Restless: On the Road with Augustine

Journeying with the perfect patron saint for our age.

The reason Augustine tells his story is because he thinks it is simply an example of the human story. We are all prodigals. And he wants us to ask ourselves a question: “What if I went home?” But what’s interesting is that it also traces his own geographical excursions from Africa to Italy, from the fringes of the empire to its heart. And it’s precisely when Augustine is as far away from home as he’s ever been, in Milan, that the still small voice of God reaches him and sets him on a path back home—to his heavenly Father, but also back to Africa, where he will serve God for the rest of his life.

 

Augustine Our Contemporary

When my students read Augustine’s Confessions, they’re amazed how an African bishop writing in A.D. 400 seems to understand their own anxieties and hopes, their idolatries and dreams. The self-examination that Augustine undertakes is like a message in a bottle that has floated across oceans and centuries, forcing them to ask Augustine’s question for themselves: What do I really love?

So don’t be fooled by the distance of time and place: Augustine is our contemporary. I’ve sometimes said that Augustine was a Manhattanite 1,500 years before Manhattan existed. A promising young man from the provinces, both he and his family had dreams of him making it to the center of cultural power and influence. He believed his education would be a ticket to the upper class and “the good life.” And like those citizens of Manhattan we see in Sex and the City or Friends or Girls, Augustine also thought sex would satisfy his deepest cravings. It’s almost like Augustine was drafting the script for The Wolf of Wall Street in the streets of ancient Milan.

Despite being a citizen of ancient north Africa, Augustine was well-acquainted with the demons that plague us in late modern America: the pressure to succeed; the driving ambition to climb social and professional ladders; the disorienting thrill of so-called “freedom”; the anxieties that beset our quests for power and pleasure; and the persistent frustration of foisting inordinate expectations upon our accomplishments and possessions. Like us, Augustine knew the exasperation of looking zfor love in all the wrong places.

That’s why the opening prayer of his Confessions—“You have made us for Yourself, and our hearts are restless until they rest in you”—has turned out to be a perennial insight into the human condition. Augustine’s writings are like a been-there-done-that theological account of the young and the restless. And as our culture begins to resemble the fractured, frantic world of Augustine’s waning Roman empire, I became more and more convinced that Augustine was the perfect patron saint for our secular age. That’s why my latest book project is an attempt to capture Augustine’s wisdom and insight for the 21st century. With the help of a research grant from Calvin’s Alumni Association, I was able to recently follow in Augustine’s footsteps, getting a glimpse into his world in order to better shed light on our own.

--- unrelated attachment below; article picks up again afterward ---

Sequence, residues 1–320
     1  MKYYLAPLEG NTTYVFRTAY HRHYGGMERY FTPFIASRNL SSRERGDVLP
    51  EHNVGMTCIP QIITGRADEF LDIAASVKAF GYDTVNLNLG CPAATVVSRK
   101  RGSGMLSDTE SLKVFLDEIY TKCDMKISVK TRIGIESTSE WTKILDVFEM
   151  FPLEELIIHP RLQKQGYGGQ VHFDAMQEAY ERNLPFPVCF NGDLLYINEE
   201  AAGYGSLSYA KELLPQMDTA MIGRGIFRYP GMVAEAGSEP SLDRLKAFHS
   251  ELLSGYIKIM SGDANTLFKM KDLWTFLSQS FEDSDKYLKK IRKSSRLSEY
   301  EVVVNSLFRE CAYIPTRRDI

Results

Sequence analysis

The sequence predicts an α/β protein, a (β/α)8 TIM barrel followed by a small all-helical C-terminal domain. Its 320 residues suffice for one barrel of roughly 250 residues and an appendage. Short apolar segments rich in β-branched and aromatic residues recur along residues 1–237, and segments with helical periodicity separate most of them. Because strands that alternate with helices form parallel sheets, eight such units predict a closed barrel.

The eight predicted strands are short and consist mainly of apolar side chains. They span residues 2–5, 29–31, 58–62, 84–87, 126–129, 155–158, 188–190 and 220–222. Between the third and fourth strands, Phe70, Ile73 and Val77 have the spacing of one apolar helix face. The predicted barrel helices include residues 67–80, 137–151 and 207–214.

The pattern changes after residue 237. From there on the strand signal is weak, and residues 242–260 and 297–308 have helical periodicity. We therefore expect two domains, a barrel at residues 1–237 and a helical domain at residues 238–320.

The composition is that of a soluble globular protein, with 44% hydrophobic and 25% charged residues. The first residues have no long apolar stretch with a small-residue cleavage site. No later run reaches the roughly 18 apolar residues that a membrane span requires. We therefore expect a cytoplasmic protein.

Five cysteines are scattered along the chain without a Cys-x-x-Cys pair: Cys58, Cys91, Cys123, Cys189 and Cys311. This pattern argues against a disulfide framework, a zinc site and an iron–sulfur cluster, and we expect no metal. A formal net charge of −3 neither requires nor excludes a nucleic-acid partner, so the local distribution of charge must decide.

A Travelogue of the Heart

In 1957, Jack Kerouac published On the Road, a novel that not only defined a generation but the rest of the 20th century (Mark Sayers has called it “the road trip that changed the world”). Kerouac captured a sense of dynamism, the adventure of wind-in-your-hair freedom and the expansive opportunity that comes with the open road. “The road is life,” he confessed. This tapped into our spiritual hunger for pilgrimage, the very human desire for a quest. But in Kerouac’s novel, we get pilgrimage without arrival. It’s not the road to a destination; the road is the destination. Freedom looks like never going home again, never settling, never arriving.

Augustine understood this human penchant for quests. But he also experienced the disappointments of a life lived in perpetual exile. Never arriving means you’re always leaving. That’s why Augustine’s Confessions are also kind of a “road trip,” but they offer a travelogue of the heart. Augustine structures his analysis of the human condition around the travels and travails of the Prodigal Son, the tale of an ungrateful son who runs off with his premature inheritance having effectively told his father, “I wish you were dead.” And this odd, surprising Father acquiesces: “Here you go,” he says. “I love you.” The son spends everything, wasting these gifts on loose living that calls itself “freedom,” losing himself in the process. He is no longer himself. But at rock bottom, “in a distant country” Luke tells us, the son wakes up and remembers who he is, and Whose he is, and makes his way home to his father’s grace. And there, in the grace of God, he finds what Kerouac and his crew were longing for: He finds himself.

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